Krauss wasn't the only participant who seemed to think some of the more militant speakers were a tad over the top. Joan Roughgarden, a professor of geophysics and biology at Stanford University, California, described some of the statements being made as an "exaggerated and highly rose-coloured picture of the capabilities of science" while presenting a caricature of people of faith. Attempts by militant atheists to represent science as a substitute for religion would be a huge mistake, she said, and might even set back science's cause. "They are entitled as atheists to generate more activism within the atheist community," she told New Scientist. "But scientists are portraying themselves as the enlightened white knights while people of faith are portrayed as idiots who can't tell the difference between a [communion] wafer and a piece of meat." People of faith are being antagonised, and this is "a lose-lose proposition", she said.

She also suggested that science, like religion, had dogma and prophets of its own, citing as an example the "locker-room bravado" of many biologists in promoting the received wisdom regarding sexual selection. What's more, she said, science's ethics were open to being manipulated - notably by biotechnology companies - leading her to seriously doubt that a workable morality could be developed by the rationalist scientific community.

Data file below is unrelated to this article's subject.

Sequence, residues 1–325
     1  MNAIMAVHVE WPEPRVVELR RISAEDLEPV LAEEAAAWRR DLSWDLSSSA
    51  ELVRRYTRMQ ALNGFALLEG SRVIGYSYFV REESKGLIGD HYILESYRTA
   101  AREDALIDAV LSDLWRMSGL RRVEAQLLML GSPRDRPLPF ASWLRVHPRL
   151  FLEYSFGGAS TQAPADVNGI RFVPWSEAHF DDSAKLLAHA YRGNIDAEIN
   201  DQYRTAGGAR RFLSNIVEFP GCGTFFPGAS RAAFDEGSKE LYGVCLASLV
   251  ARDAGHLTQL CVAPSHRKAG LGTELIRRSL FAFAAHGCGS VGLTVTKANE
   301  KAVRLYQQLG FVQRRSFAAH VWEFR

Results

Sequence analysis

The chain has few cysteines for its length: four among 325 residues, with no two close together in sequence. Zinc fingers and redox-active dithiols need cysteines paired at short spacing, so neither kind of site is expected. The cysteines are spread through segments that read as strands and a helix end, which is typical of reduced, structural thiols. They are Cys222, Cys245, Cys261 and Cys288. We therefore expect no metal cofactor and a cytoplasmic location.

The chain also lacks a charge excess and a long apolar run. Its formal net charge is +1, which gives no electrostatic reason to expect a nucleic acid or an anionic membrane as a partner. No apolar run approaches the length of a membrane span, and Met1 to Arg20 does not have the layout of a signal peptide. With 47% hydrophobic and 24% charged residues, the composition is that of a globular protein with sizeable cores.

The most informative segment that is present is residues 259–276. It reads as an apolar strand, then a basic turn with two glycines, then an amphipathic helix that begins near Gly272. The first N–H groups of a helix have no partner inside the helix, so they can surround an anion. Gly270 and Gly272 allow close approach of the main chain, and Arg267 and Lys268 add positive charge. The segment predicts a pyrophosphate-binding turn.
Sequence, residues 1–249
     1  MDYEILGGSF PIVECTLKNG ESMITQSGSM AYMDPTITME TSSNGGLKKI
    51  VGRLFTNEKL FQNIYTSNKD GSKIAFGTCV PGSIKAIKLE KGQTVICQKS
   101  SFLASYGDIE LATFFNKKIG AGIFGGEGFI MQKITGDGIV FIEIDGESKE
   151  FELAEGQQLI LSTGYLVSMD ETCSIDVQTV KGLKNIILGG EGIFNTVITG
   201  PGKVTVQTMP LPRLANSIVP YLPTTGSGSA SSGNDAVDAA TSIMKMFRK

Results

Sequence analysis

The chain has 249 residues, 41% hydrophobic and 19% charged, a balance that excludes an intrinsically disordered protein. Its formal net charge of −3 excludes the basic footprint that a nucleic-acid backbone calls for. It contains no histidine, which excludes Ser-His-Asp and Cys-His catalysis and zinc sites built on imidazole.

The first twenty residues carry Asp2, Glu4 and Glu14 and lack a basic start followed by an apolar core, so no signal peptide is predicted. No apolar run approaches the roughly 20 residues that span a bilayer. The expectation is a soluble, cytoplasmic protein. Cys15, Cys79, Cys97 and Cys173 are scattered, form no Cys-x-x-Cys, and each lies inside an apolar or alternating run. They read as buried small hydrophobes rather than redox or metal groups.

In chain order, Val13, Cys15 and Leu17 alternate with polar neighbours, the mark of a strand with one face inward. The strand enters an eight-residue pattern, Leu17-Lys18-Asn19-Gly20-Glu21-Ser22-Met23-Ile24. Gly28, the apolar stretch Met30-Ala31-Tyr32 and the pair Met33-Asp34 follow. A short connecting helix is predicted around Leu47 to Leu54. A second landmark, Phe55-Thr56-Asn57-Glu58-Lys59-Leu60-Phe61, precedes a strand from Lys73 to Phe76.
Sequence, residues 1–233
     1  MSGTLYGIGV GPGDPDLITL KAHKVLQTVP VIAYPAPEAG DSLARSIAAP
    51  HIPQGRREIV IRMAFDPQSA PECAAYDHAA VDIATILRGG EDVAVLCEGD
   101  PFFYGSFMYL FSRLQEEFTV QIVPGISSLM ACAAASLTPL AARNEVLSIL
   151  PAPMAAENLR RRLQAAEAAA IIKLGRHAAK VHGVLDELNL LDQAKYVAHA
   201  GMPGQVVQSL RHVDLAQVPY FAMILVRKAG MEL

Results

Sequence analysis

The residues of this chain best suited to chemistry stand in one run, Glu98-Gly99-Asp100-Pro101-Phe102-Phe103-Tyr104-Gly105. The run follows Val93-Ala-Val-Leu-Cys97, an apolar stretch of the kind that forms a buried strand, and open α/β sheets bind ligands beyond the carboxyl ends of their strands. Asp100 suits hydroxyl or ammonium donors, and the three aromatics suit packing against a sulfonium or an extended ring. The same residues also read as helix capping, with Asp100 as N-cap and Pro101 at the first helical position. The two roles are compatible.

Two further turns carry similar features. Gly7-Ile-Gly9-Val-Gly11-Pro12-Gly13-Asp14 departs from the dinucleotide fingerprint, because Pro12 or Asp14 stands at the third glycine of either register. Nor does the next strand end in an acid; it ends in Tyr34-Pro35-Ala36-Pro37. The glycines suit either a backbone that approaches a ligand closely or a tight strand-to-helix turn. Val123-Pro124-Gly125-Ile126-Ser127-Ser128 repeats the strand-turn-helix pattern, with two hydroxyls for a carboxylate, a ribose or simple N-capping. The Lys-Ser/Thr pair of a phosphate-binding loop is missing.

Biology rules

This was not a view shared by Patricia Churchland of the University of California, San Diego, who was charged with answering the question "can we be good without God?". Values, Churchland said, are set by what we care about, and as social animals we care about mates, kin and insider-outsider relationships. Every human social value and moral, she said, can be traced back to group dynamics and biochemistry; there is no need for a scriptural mandate. Thus the answer to the third question of the meeting became an overwhelming yes.

With three positive verdicts in the bag, the mood was clear: science can take on religion and win. "We've got to come out," urged chemist Harry Kroto of Florida State University, Tallahassee. Dawkins also used the same phrase, and compared the secular scientists' position to that of gay men in the late 1960s. If everyone was willing to stand up and be counted, they could change things, he said. "Yes I'm preaching to the choir," Dawkins admitted. "But it's a big choir and it's an enthusiastic choir."

Kroto certainly declared himself ready to fight the good fight. "We're in a McCarthy era against people who don't accept Christianity," he said. "We've got to do something about it." His answer is to launch a coordinated global effort at education, media outreach and campaigning on behalf of science. Such an effort worked against apartheid, he said, and the internet now provided a platform that could take science education programmes into every home without being subject to the ideological and commercial whims of network broadcasters. He has schools run by religious groups firmly in his sights too. "We must try to work against faith schooling," he said.

For all the evangelical fervour, some attendees suggested that a little more humility might be in order. "This is Alice in Wonderland, it's just a neo-Christian cult," Scott Atran of the CNRS in Paris told New Scientist. "The arguments being put forward here are extraordinarily blind and simplistic. The Soviets taught kids in schools about science - religiously - and it didn't work out too well. I just don't think scientists, when they step out of science, have any better insight than the ordinary schmuck on the street. It makes me embarrassed to be an atheist."